P.S. 118 Lorraine Hansberry

Lorraine Hansberry (1930 – 1965) was a playwright, writer, and activist. Her play, “A Raisin in the Sun” (1959), was the first drama by an African American woman produced on Broadway.

Hansberry was born in Chicago in 1930, the youngest of four children to a real estate entrepreneur and a schoolteacher. Her parents were members of the NAACP and the Urban League. She was the niece of Pan-Africanist scholar and college professor Leo Hansberry. In 1938 her family moved to a white neighborhood where they were attacked by neighbors. The Hansberry’s refused to move until a court ordered them to do so, and the case made it to the Supreme Court as Hansberry v. Lee, ruling restrictive covenants illegal. The case was the inspiration for her Broadway play, A Raisin in the Sun, which also became a movie starring Sidney Poitier.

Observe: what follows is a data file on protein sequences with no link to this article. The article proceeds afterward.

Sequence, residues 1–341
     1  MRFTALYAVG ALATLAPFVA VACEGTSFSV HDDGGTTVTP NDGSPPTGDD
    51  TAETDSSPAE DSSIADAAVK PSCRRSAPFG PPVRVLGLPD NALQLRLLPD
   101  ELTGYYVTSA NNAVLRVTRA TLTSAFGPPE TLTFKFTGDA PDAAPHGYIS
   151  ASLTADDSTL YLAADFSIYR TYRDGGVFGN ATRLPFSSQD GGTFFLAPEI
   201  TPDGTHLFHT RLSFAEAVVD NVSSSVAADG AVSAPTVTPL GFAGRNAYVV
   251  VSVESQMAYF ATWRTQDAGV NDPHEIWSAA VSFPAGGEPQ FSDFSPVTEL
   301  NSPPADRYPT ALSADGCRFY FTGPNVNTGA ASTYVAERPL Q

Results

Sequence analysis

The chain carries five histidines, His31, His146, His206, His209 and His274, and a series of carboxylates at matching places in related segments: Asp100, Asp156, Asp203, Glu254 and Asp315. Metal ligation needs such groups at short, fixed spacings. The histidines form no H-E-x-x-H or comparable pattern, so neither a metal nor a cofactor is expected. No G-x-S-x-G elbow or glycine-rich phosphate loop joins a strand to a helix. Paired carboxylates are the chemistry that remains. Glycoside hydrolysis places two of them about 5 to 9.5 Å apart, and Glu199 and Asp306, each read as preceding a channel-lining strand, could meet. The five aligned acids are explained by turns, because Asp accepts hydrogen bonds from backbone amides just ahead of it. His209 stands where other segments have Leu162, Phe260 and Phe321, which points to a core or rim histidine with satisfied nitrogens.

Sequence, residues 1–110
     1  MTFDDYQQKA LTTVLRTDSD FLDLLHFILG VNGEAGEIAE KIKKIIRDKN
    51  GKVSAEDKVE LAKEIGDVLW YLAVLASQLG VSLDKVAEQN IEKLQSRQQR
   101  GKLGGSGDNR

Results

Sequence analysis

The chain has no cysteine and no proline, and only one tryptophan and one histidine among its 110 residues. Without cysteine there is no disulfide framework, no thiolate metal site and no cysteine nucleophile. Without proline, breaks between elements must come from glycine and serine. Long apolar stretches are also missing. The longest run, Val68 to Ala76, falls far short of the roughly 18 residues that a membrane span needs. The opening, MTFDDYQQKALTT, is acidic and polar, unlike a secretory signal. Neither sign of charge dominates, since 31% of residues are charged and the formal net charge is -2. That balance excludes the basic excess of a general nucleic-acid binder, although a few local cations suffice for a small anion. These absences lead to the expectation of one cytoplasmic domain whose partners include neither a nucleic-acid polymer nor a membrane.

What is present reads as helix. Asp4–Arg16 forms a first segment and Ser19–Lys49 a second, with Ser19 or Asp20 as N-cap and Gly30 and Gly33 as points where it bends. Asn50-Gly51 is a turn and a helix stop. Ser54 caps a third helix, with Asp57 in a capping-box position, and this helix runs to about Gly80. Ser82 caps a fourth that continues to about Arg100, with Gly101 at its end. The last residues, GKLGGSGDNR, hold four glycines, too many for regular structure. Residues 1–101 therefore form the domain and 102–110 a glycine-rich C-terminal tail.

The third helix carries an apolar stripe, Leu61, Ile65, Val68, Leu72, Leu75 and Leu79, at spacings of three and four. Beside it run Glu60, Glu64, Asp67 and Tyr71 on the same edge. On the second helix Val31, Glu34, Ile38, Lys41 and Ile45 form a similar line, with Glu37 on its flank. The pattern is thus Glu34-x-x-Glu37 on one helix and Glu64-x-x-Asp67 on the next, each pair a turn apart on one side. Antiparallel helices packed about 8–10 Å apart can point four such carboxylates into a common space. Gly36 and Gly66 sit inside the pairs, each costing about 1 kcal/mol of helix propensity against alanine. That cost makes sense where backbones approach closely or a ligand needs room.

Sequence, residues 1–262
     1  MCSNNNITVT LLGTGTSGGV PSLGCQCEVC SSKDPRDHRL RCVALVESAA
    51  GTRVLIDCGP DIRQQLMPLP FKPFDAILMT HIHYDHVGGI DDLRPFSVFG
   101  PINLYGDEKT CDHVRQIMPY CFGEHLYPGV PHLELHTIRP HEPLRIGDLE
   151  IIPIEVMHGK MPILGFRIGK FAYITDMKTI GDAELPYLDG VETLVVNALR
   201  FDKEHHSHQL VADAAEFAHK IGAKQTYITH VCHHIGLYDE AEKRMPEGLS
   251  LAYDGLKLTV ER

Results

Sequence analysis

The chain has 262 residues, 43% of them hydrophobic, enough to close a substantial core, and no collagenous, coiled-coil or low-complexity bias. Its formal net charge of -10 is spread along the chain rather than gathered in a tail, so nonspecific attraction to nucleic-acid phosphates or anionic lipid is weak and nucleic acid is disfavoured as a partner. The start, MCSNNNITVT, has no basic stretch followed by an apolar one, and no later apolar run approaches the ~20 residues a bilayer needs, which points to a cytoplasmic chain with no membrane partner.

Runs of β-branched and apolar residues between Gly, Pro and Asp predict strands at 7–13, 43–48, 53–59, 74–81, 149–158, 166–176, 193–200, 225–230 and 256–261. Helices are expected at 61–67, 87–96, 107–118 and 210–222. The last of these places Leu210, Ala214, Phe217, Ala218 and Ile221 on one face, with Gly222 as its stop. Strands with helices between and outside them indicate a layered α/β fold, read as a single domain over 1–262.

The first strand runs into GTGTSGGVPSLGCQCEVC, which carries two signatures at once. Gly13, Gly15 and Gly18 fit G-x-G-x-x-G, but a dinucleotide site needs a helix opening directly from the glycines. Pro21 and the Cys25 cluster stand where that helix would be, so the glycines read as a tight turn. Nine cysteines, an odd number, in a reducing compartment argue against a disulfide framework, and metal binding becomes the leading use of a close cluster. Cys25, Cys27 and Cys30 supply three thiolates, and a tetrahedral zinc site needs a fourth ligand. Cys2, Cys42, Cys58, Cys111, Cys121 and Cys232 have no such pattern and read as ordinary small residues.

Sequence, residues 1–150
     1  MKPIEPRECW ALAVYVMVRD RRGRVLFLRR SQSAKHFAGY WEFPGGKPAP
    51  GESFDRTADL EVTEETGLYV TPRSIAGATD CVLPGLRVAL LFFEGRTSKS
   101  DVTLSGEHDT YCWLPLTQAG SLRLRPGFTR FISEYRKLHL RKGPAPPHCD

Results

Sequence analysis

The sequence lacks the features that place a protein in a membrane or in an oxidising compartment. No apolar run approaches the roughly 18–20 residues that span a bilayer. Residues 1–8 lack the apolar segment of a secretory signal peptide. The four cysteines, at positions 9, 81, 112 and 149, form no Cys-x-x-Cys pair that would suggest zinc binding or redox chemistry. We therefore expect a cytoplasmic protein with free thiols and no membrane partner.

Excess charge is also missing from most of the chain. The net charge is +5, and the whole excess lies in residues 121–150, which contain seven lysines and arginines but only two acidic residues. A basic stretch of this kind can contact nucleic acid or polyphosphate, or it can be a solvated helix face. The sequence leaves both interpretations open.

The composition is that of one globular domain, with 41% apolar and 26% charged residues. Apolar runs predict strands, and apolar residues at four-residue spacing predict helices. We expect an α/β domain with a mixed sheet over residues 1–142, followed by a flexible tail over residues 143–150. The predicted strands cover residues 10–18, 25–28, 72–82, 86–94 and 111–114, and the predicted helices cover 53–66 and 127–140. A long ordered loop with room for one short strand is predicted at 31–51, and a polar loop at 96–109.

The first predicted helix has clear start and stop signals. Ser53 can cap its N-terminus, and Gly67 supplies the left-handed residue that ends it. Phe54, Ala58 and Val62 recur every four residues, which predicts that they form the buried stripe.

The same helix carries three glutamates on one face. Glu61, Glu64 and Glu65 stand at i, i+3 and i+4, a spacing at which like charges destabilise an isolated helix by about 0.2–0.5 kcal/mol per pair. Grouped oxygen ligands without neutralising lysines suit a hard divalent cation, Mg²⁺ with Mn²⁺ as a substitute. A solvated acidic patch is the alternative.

Hansberry attended the University of Wisconsin but left after two years and moved to New York to work as a writer and editor of Paul Robeson’s newspaper Freedom. She was a Communist and committed civil rights activist. She met her husband and closest friend, Robert Nemiroff, at a civil rights demonstration.

Despite her marriage to a man, Hansberry identified as a lesbian, but she was not “out,” though it seems like she was on the path to a more open life before her death, having built a circle of gay and lesbian friends. In 1964, Hansberry and Nemiroff divorced but continued to work together, and he was the executor of her estate when she died of cancer in 1965. Nemiroff donated all of Hansberry's personal and professional effects to the New York Public Library but blocked access to all materials related to Hansberry's lesbianism for 50 years. Nemiroff passed away in 1991, and in 2013, Nemiroff's daughter released the restricted materials for research.


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